It is hard to introduce Dave Eggers. The word "story" should probably be in the first line.
Eggers first made his name in 2001 telling the painful story of his own childhood in "A Heartbreaking Work of Staggering Genius." With his founding of the literary journal McSweeney's and contributions to the bi-weekly magazine "The Believer," he became an established publisher and writer of humor, interviews and fiction.
Even as he continues to write, he's become a professional activist and amplifier, drawing out and preserving the stories of young people and survivors of all kinds, both in his books and in a series of oral histories called "Voices of Witness." Those stories are seen in the nationwide network of 826 literacy centers, one of which is in Roxbury, he created.
Those projects overlap in publications, sometimes. "Like The Sun In Dark Spaces," the latest collection from 826 Boston, includes stories written by foreign-born teenagers — "newcomers" to the city. Now Eggers and Amanda Uhle, his partner-in-philanthropy, are planning what they call the first International Congress of Youth Voices.
Over three days this August, 100 students, including three from Boston, will convene in San Francisco. Among those set to attend are former refugees and students from Iraq, Burundi and Nepal.
As Uhle and Eggers planned the event, the Parkland, Florida school shooting took place. The explosion of youth outrage and activism that followed seem to prove his point: Young people in America and abroad have something to say. Eggers and I spoke last week.
This interview has been edited and condensed for clarity.
What would you like to see come of this?
A bunch of things. There's going to be an electricity between these hundred young people that's going to be just palpable. I think their just meeting each other is so important. And then when they break off into groups — those that are really interested in environmental issues, or gun violence, for example — you're going to see connections made that will carry forth for many years, or forever. Ideally, this will happen every year in different parts of the world. And this will be one of the ways that young people will seize a certain amount of power, a seat at the table.
I think high schools across the country are feeling emboldened in a new way after Parkland and after the March For Our Lives. If we can do anything to carry that feeling forward and put more kindling on that fire, we will.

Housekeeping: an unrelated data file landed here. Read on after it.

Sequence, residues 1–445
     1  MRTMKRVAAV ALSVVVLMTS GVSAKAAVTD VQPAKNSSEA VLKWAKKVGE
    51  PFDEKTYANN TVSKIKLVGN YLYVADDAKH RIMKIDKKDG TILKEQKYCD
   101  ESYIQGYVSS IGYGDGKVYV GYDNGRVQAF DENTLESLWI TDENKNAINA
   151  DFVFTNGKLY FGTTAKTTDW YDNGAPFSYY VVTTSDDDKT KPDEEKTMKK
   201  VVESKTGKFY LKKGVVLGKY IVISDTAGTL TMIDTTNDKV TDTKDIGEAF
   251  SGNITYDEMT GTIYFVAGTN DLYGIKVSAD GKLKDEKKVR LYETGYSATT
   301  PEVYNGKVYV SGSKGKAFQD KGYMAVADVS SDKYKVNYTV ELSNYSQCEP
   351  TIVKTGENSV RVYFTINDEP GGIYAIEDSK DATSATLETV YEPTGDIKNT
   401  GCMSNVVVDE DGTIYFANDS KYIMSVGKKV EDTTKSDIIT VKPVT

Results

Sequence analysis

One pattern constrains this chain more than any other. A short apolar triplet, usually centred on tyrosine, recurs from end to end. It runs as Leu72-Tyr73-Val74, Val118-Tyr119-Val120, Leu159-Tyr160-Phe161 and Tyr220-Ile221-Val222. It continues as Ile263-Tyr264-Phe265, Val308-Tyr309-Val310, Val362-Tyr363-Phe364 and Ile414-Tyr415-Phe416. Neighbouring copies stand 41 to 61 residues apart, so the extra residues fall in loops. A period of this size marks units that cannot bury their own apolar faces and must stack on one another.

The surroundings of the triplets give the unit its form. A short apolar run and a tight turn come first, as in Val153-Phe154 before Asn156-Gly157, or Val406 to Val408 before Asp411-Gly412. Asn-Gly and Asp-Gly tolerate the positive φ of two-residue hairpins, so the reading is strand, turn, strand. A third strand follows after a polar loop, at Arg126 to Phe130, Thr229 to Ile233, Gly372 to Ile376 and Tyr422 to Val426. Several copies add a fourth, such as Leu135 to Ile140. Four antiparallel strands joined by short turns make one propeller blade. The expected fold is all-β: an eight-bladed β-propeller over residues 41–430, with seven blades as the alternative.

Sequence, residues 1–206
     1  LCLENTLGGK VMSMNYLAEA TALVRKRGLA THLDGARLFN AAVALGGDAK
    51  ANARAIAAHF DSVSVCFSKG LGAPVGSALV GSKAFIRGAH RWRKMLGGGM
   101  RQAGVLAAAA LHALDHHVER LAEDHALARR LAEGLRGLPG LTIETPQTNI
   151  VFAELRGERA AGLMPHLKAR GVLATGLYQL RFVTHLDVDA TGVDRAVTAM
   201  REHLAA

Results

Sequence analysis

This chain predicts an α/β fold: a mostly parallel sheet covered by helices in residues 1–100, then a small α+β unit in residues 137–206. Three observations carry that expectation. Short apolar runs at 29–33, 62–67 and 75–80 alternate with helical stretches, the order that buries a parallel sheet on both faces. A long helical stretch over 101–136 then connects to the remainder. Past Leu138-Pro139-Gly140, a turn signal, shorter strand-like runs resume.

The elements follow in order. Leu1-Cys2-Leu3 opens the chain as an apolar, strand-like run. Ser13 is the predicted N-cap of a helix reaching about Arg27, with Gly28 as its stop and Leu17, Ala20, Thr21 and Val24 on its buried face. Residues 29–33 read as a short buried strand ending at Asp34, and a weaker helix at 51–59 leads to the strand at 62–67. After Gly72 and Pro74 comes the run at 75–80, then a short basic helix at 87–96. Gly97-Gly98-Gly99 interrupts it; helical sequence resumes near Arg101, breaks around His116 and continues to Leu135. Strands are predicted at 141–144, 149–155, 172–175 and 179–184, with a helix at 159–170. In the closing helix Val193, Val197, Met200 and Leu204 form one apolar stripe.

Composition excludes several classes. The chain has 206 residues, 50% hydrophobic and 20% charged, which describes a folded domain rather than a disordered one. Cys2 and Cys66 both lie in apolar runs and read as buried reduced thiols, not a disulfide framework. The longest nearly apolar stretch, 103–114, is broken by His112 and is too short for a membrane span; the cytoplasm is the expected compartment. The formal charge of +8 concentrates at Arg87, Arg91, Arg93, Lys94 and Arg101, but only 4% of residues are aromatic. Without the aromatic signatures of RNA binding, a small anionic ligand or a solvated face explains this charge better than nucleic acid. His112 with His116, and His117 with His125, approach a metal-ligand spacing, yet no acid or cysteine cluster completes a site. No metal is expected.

What is the plan for the conference?
It’s a three-day conference. For the first two days, we have speakers. A lot of them are the students themselves, talking about the work that they've done. But there are adults as well. But on the third day the adults leave, and the students will all meet at the War Memorial Opera House, where the early version of the United Nations met in the ’40s. That day is theirs.
We have plans to publish whatever they might write in The Guardian, whether it’s a universal declaration of youth rights, for example, or a document like the Port Huron Statement — something that will become a historical document, some kind of starting point. But it could also be an organizational body that they form: an AARP of young people or some sort of parallel government, whatever it is. The key thing is that there are real tangible results that come of it.
Why do you focus so much on students, especially teenagers, in your activism?
Well, I taught a high school class for 11 years called "The Best American Non-Required Reading." There's nothing better than teaching high school. Because kids that age know themselves to a great extent, but they're also very open to new ideas. College can really complicate our thinking, sometimes in a really good way. But in high school there's a clarity, still. Students know what's right and wrong. And they know what can be done. No one's told them that they can't. And I think high schools across the country are feeling emboldened in a new way after Parkland and after the March For Our Lives. If we can do anything to carry that feeling forward and put more kindling on that fire, we will.
We covered Boston’s March For Our Lives in March. I was impressed by the desire, on the part of the teenage organizers, to focus their activism: on all kinds of gun violence, especially as it goes on in urban neighborhoods.
Yeah. I heard Naomi Klein on the radio last night. She was talking about how activism has become so siloed — environmental issues, poverty issues, gun violence. But of course they intersect in so many ways. Young people can restore those connections, I think. So I love that they didn't stop with just school shootings — especially since that's not yet been, I guess, an issue here in Boston.